As the school summer holidays start across Scotland, I’ve had countless conversations with Barnardo’s staff concerned about the children, young people and families we support through our schools-based partnerships. Many people we journey alongside are full of anxiety and fear about how they will cope over the summer months without the structure and routine the school day offers them.
We know children who will be living on a very limited diet, parents who will be going without food so their children can eat, families who won’t engage in any activities, and many others who feel overwhelmed by the crushing stress of persistent financial hardship. For too many families holiday periods can be the toughest time of the year.
Our recent Barnardo’s Scotland report, Closing the poverty-related attainment gap; early learning from our partnership work with schools and communities across Scotland, welcomed the national focus on the attainment gap. But it also identified areas for improvement: we know that a child’s experience of education can have a profound impact on their future opportunities and we also know that those in poverty often face the greatest barriers to reaching their full academic potential.
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However, our collective anxiety at the start of the long summer break illustrates the simple truth that no matter how effective an individual school is, they cannot bring about or sustain the kind of radical change needed to transform communities blighted by the impact of inequality on their own.
The Scottish government’s investment through the Attainment Scotland Fund has enabled many educational settings to develop innovative, bespoke solutions to problems within school communities. For example, this has meant an extension to much-needed family support and family learning, offering compassionate, practical and emotional support which can prevent or mitigate against the adverse effects of living in a low-income household. These services continue to be delivered over holiday periods, ensuring access to fun activities and respectful food provision for families. All of this contributes to closing the attainment gap.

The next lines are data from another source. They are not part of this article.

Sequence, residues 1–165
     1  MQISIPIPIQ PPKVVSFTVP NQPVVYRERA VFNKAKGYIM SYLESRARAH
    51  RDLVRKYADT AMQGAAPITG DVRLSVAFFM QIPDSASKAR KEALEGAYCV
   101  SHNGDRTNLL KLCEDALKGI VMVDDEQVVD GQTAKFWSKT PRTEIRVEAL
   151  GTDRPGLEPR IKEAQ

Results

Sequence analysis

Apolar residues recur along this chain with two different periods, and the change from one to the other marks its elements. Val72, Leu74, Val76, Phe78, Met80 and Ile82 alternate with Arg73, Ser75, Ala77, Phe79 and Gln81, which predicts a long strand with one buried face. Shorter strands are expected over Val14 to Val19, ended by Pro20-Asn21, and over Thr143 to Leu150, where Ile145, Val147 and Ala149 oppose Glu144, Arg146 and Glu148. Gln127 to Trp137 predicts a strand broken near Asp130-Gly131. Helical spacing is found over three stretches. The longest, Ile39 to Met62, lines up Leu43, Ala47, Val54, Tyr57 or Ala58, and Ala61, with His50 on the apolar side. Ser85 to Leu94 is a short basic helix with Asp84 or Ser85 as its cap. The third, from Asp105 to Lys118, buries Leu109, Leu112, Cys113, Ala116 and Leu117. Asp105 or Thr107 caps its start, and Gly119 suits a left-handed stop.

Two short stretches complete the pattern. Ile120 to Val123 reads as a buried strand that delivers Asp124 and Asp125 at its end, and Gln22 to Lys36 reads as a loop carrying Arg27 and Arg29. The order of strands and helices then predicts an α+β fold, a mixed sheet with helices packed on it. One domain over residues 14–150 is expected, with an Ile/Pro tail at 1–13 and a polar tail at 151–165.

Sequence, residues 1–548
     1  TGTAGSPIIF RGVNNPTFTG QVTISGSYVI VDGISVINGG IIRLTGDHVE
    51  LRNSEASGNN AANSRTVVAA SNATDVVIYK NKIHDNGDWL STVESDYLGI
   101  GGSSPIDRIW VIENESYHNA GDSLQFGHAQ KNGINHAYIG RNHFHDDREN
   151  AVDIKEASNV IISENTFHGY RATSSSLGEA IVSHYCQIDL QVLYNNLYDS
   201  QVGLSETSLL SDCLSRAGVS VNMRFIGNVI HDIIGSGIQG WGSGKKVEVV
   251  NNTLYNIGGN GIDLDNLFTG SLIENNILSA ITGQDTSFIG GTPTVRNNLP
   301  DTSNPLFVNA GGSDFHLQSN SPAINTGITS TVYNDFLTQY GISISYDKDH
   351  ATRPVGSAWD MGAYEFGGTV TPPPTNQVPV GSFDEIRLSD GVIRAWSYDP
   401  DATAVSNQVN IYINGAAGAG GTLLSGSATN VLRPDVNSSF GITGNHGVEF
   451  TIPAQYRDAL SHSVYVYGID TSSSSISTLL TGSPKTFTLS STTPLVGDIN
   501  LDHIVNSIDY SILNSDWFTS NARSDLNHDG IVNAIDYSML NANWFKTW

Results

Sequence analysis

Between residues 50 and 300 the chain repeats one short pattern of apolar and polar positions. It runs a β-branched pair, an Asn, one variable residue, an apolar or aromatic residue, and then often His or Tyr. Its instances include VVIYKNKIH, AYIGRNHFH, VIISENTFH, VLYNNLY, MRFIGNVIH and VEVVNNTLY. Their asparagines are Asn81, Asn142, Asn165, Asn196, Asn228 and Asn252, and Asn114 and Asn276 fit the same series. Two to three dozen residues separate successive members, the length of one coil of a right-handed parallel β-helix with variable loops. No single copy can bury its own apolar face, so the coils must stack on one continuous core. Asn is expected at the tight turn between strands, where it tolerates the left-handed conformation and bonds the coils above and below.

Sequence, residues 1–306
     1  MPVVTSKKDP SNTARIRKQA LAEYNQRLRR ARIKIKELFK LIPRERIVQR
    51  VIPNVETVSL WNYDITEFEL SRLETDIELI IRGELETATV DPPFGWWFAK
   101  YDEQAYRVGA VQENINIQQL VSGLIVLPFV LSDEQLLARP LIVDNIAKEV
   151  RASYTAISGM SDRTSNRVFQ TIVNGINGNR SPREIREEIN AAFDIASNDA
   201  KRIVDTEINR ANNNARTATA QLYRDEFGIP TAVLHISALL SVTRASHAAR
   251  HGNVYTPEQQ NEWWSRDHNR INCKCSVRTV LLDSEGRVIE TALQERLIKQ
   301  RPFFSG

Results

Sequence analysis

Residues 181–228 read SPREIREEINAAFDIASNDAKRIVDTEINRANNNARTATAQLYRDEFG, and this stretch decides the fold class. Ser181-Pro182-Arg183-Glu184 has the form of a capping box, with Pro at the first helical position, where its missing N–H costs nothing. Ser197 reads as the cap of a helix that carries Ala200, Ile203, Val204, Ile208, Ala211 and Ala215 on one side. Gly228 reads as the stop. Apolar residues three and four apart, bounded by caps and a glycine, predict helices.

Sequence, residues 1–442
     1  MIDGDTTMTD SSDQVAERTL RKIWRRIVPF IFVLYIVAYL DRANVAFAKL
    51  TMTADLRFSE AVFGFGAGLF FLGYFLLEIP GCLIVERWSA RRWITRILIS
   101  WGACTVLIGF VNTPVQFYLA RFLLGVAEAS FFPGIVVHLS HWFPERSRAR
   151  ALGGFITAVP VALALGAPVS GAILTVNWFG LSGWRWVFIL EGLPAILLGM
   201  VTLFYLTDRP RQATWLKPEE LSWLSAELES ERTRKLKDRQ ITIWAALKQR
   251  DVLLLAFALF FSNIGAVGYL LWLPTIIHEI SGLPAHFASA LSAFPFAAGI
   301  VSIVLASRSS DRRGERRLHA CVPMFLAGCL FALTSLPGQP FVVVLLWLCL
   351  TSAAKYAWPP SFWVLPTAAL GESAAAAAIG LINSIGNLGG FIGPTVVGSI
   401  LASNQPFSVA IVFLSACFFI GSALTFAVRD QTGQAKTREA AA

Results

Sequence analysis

However, we have a real issue with consistency. The lack of alignment of school level investment to wider planning processes and the long established "Girfec" (getting it right for every child) framework means we are missing out on the opportunity to make strategic decisions that take account of the spectrum of – often complex – factors which have an impact on a child or young person’s relationship with education, which are located in their wider world. This can include dealing with poverty, funding shortages, and teacher recruitment and retention crises.
Frankly, whatever extra money goes towards education, without simultaneously strengthening the capacity of local authority provision more widely, progress to reduce the attainment gap will be undermined and impossible to sustain in the longer term.
We also need to be honest about the time and resources it takes to achieve positive, sustainable change for families: in our experience effective, high-quality support delivered by skilled staff is what makes the biggest difference, but it cannot be delivered quickly or cheaply. This sort of work takes time and the current system of insecure, short-term funding critically undermines our ability to create stable, consistent, predictable services and relationships for the communities we support. Our children and families need a secure base – but this is difficult to deliver in a system in a constant state of flux.
If we are to reduce the poverty-related attainment gap we need a holistic and coherent approach that takes account of lives lived before and beyond the school gate. A failure to widen our lens will compromise our efforts to ensure that children, young people and families all reach their full potential.
Maureen McAteer is assistant director of attainment for the charity Barnardo’s Scotland